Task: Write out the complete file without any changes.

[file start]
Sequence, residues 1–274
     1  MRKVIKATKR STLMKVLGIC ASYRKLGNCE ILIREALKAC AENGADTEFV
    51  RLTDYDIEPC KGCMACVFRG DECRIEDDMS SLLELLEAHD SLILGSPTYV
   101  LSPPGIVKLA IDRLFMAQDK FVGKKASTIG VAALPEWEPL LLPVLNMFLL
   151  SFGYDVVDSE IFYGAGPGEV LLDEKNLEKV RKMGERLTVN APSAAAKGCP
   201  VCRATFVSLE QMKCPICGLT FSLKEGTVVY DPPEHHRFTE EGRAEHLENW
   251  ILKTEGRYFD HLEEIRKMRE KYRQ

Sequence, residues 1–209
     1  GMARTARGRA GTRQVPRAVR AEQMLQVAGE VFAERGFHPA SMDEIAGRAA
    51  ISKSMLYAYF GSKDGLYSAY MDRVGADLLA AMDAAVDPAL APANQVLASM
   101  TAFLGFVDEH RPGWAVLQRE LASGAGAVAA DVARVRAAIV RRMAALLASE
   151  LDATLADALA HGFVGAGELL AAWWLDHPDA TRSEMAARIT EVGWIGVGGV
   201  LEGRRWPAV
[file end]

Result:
Sequence, residues 1–274
     1  MRKVIKATKR STLMKVLGIC ASYRKLGNCE ILIREALKAC AENGADTEFV
    51  RLTDYDIEPC KGCMACVFRG DECRIEDDMS SLLELLEAHD SLILGSPTYV
   101  LSPPGIVKLA IDRLFMAQDK FVGKKASTIG VAALPEWEPL LLPVLNMFLL
   151  SFGYDVVDSE IFYGAGPGEV LLDEKNLEKV RKMGERLTVN APSAAAKGCP
   201  VCRATFVSLE QMKCPICGLT FSLKEGTVVY DPPEHHRFTE EGRAEHLENW
   251  ILKTEGRYFD HLEEIRKMRE KYRQ

Sequence, residues 1–209
     1  GMARTARGRA GTRQVPRAVR AEQMLQVAGE VFAERGFHPA SMDEIAGRAA
    51  ISKSMLYAYF GSKDGLYSAY MDRVGADLLA AMDAAVDPAL APANQVLASM
   101  TAFLGFVDEH RPGWAVLQRE LASGAGAVAA DVARVRAAIV RRMAALLASE
   151  LDATLADALA HGFVGAGELL AAWWLDHPDA TRSEMAARIT EVGWIGVGGV
   201  LEGRRWPAV